twofold. First, Graceland argued that Scafidi did
not involve the statute-of-limitations tolling rule. Second,
Graceland argued that Hamlet's failure to secure an order
before the 120-day deadline expired made a showing of good
cause necessary. Graceland noted that the Scafidi
Court did not reveal when the trial court entered its order
granting an extension of time to serve process. Because the
120-day deadline had expired without Hamlet securing a signed
and filed order extending the time to serve process, it
averred that there should be a requirement that Hamlet show
good cause after the 120-day deadline expired.
In response, Hamlet argued that the Scafidi Court
specifically held that motions for time filed during
the 120-day deadline do not require a showing of good cause.
Id. at 960 ("[T]his finding is specifically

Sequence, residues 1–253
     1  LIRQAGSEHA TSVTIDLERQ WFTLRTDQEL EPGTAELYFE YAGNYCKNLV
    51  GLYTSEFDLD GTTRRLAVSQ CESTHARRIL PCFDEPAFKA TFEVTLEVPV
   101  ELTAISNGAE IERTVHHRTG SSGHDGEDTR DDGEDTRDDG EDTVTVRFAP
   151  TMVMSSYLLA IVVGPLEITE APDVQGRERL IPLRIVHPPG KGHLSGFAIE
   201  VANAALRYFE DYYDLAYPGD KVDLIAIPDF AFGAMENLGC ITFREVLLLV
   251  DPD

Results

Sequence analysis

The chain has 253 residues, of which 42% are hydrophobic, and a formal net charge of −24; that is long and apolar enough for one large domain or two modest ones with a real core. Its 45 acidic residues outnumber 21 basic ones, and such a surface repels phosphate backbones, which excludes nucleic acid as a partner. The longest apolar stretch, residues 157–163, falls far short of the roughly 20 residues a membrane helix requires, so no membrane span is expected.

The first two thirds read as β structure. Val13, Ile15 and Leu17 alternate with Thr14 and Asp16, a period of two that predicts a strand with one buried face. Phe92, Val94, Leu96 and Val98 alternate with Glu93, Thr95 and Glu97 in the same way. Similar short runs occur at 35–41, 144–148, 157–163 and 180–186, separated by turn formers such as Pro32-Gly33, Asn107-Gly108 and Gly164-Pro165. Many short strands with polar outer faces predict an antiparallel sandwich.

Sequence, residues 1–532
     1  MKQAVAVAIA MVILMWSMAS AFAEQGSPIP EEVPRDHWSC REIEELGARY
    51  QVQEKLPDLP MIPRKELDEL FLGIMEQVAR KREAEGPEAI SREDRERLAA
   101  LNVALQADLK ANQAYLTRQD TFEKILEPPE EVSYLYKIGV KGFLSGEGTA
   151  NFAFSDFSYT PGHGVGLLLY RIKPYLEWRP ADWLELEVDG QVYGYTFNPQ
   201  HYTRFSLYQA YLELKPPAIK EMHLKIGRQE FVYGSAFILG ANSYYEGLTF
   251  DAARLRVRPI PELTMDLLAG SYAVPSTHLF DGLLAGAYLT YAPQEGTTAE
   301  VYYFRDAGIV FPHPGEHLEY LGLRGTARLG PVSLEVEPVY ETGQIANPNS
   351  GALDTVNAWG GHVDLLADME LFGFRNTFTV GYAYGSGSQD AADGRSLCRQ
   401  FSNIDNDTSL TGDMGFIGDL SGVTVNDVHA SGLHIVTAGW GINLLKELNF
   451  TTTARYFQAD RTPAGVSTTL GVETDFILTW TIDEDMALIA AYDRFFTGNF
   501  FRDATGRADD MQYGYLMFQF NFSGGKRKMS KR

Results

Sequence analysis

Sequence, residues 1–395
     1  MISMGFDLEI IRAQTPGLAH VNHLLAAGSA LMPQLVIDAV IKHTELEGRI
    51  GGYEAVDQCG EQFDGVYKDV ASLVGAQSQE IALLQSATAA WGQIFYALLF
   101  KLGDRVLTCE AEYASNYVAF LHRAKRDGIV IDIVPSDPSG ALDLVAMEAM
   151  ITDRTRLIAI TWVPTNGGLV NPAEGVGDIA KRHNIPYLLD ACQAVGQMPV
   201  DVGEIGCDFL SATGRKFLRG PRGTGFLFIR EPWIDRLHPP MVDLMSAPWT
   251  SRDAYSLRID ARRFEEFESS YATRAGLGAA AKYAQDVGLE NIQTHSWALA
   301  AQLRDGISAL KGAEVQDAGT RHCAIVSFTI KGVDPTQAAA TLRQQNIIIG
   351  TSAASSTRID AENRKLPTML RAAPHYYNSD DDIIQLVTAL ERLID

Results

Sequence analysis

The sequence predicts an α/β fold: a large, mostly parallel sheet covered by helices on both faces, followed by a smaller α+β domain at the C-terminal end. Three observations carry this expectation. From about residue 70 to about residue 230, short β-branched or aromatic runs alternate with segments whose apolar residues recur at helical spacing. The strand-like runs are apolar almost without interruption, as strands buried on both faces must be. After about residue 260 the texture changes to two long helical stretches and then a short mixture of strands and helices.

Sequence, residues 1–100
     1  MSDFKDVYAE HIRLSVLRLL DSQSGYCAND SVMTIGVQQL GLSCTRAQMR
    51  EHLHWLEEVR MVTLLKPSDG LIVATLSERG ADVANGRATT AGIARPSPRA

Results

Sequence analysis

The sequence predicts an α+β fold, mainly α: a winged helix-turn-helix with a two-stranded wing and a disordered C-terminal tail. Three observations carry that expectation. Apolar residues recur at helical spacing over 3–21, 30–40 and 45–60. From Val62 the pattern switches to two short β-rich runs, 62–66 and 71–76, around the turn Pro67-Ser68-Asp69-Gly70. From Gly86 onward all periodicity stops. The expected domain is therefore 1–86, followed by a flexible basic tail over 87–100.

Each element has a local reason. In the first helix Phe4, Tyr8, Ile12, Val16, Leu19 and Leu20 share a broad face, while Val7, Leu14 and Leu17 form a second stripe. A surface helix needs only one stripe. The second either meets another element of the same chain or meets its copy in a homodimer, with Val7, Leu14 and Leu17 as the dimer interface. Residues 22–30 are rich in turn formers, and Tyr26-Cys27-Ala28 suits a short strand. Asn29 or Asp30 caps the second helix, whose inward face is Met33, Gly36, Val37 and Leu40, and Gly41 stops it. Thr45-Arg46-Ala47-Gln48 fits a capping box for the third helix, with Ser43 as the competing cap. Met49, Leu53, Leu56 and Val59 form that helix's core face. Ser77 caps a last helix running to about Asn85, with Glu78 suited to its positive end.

limited to those situations where the motion for additional
time is filed before the deadline.") (emphasis
added). Because she filed her motion for an extension of time
to serve process within the 120-day deadline, Hamlet argued
that a showing of good cause was not necessary.
The trial court held a hearing on the motion, at which
Graceland argued that an order does not become effective
until it is filed with the clerk and all parties are put on
notice. Graceland admitted this was a case of first
impression but likened an interlocutory order to a judgment
not being effective until it is filed. Graceland argued that,
while a statute of limitations could be extended by a court,
it could not be resurrected. Graceland also contended that
the mere filing of a motion for time did not toll the statute
of limitations. Moments before the trial court's ruling,
Graceland's counsel stated that "prejudice might be
relevant to the issue [if] we are [sic] showing good cause[,
] but we conceded that it's not. This is an issue of
statute of limitations, Your Honor." Because the statute
of limitations had run prior to the April 14, 2014, order